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About GoodBye to a River


Goodbye to a River: A Narrative recounts the author’s “farewell” canoe trip along a stretch of the Brazos River in Texas during the Fall of 1957. Fearing that planned construction of a series of dams soon would change the Brazos irrevocably, Graves set out to experience its natural beauty one last time, accompanied only by his dachshund.

Often compared to Henry David Thoreau’s Walden, Graves’s Goodbye to a River (1960) is acclaimed for its beautiful prose, naturalist philosophy, and original style. Illustrated with the author’s black and white photographs, the book interweaves the account of the journey with regional folklore, history, and childhood memories in an engaging narrative that explores the larger issue of modern mankind’s relationship with the natural world.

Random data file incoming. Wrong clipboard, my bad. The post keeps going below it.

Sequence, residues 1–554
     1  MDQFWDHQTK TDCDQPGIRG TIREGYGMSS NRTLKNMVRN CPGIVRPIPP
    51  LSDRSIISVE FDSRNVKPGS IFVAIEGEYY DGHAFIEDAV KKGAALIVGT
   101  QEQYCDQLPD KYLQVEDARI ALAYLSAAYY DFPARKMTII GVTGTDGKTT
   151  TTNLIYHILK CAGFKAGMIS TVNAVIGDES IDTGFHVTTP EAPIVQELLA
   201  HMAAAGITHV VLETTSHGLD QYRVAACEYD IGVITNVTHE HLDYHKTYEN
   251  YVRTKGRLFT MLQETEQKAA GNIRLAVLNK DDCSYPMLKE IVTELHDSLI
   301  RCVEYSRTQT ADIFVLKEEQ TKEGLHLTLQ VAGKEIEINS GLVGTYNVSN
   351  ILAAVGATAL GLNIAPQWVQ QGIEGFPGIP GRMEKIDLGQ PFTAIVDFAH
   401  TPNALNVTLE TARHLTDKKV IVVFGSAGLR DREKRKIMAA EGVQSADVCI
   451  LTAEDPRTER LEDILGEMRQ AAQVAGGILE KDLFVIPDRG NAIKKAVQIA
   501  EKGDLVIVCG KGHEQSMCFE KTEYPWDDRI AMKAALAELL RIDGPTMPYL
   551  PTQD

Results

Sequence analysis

An inspiration to generations of environmentalists, the book won the Carr P. Collins Award of the Texas Institute of Letters in 1961 and was nominated for a National Book Award. The success of Goodbye to a River is believed to be a major reason that only three of the proposed thirteen dams were built on the Brazos.

The 1989 Book Club of Texas edition of Goodbye to a River was limited to 550 copies, designed and printed at the press of W. Thomas Taylor in Austin, Texas.